How many of us are cheering that the Bank of England finally has hit its 2 per cent inflation target? I bark at my partner if she moves within six feet of the thermostat. I wince every time I put petrol in the car, and sigh whenever I do a grocery shop which seems to get dearer every week. That spontaneous outpouring of joy and gratitude to the Bank is hard to come by.
News that the cost of living is growing at a mere 2 per cent a year comes as scant consolation to many when wages are rising by an even more anaemic 0.9 per cent. The fact is that the headline inflation rate is largely irrelevant to most people's experience of the cost of living, based on the things they buy most often. Hence the last time that the Bank asked people what the inflation rate was in November –admittedly against the backdrop of energy companies announcing big bill increases – respondents gave the average answer of 4.4 per cent.
That was just before industry body Kantar published figures showing almost a third of households were shopping at the discounter Aldi in the last three weeks of the year.
People set their own inflation rate depending on what they spend. Yesterday's figures show, for example, the cost of computer games 0.7 per cent lower than a year earlier. If you wanted to buy a camera you were even more in luck – prices were down 14.1 per cent.
I'm not into computer games. But like most others, I'm into living somewhere, with electricity, gas and running water. About 18 months ago I started compiling my own inflation index of absolute bare minimum "unavoidables" from the Office for National Statistics' shopping basket, which includes food, electricity, gas and petrol. Unsurprisingly, that particular "unavoidables" rate went up from 2.2 per cent to 2.5 per cent in December. Within that, electricity is up more than 7 per cent and gas up more than 8 per cent on a year ago: factors to which the Lynch household's dual-fuel bills testify.
A less spartan index by Deutsche Bank, which also includes rail and road travel, housing maintenance and education, has risen to 2.7 per cent. So, in reality, the squeeze is intensifying.
Headline inflation becomes even less relevant to everyday experience when you remember the crucial fact that it's an annual rate. What happened a year earlier is pivotal when it comes to the latest month's figures: the economists' so-called "base effects".
For example, bad harvests sent food prices sharply higher in December 2012, so even though food prices rose last month, they didn't rise quite as quickly and hence they dragged the main number down. So falling inflation doesn't mean falling food prices. It's more revealing to look at price levels over a longer period rather than the annual inflation rate. These show you how far prices are spiralling ahead of actual wage growth. Take the average earnings figures, which are nominal (not adjusted for inflation). Total weekly average pay rose from £439 to £476 across the economy between March 2008 and October 2013 – that's 8.4 per cent over five and a half years. But the overall CPI index has risen from 106.7 to 127.5 over the same period, up more than twice as much, close to 20 per cent.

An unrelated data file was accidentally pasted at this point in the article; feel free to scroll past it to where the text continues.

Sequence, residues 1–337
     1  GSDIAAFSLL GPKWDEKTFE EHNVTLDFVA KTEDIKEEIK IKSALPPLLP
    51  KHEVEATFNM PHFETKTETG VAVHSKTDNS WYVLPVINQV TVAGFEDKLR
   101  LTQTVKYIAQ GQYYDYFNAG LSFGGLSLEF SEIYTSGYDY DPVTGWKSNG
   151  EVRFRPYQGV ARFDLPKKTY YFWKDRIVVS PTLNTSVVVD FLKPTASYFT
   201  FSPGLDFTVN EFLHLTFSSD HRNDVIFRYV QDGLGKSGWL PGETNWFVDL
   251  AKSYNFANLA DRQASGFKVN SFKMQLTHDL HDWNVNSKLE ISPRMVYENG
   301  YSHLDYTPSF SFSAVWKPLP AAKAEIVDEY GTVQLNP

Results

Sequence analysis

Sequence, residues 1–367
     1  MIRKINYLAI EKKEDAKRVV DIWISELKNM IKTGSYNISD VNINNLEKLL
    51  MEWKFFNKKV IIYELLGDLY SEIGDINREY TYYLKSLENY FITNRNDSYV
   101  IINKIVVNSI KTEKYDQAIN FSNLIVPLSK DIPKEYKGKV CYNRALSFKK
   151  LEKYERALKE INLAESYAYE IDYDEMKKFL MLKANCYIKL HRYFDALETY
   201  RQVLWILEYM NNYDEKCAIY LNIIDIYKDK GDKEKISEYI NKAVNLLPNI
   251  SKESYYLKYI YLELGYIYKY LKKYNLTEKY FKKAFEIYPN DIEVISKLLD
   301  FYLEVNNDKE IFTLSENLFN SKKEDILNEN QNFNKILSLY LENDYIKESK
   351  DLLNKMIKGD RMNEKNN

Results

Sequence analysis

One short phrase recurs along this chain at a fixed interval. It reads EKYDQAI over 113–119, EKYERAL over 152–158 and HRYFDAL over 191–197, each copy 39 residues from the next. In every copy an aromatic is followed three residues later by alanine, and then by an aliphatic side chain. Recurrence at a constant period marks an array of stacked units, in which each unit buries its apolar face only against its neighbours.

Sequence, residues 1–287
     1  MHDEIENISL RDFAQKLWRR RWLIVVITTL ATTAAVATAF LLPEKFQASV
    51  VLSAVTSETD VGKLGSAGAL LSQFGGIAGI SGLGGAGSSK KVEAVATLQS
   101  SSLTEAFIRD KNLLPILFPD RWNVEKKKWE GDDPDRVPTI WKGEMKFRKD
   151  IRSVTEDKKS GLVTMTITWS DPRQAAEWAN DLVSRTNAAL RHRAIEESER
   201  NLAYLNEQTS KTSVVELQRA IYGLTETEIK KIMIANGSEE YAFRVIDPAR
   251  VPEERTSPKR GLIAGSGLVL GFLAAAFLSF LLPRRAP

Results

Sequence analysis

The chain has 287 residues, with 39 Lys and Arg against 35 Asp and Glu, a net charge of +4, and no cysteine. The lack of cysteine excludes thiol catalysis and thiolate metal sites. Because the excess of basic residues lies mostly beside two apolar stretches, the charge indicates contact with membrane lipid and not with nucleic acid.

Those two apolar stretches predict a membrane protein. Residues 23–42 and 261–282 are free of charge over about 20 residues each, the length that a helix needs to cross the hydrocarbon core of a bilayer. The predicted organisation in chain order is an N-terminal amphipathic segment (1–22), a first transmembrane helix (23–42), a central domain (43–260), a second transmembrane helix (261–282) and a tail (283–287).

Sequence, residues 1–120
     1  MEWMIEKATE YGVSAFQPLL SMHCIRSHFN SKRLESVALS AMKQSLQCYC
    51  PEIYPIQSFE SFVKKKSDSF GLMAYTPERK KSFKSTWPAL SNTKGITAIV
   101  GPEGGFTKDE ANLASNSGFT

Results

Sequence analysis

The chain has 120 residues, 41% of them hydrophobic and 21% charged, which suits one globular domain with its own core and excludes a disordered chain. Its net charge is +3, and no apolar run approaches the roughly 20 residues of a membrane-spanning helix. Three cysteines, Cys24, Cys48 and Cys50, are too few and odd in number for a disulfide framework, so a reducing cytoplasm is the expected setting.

The news gets worse: if you look at the electricity, gas and other fuels component of the basket, it's up from 145.8 to 221.9 – a staggering increase of 50 per cent. No wonder we're all off to Aldi – it's the price our flexible workforce paid for lower overall unemployment during the downturn, spiking global energy prices and a weak pound.
Of course this pain isn't being shared equally. ONS figures published last month showed median household income for the population fell 3.8 per cent between the start of the downturn and 2011/12. In retired households, income was up 5.1 per cent since the start of the economic downturn, boosted by private pensions, while in non-retired households it fell 6.4 per cent. The Conservative-led coalition refuses to touch its core vote.
But there is hope. If the consumer spurt we've seen fuelling the economy feeds into higher productivity workers will be churning out more goods, average costs will fall and profits rise. That could encourage the bosses to open the purse strings and deliver the holy Grail of real wage increases after six long years.
And maybe my weekly shop will get a little less painful.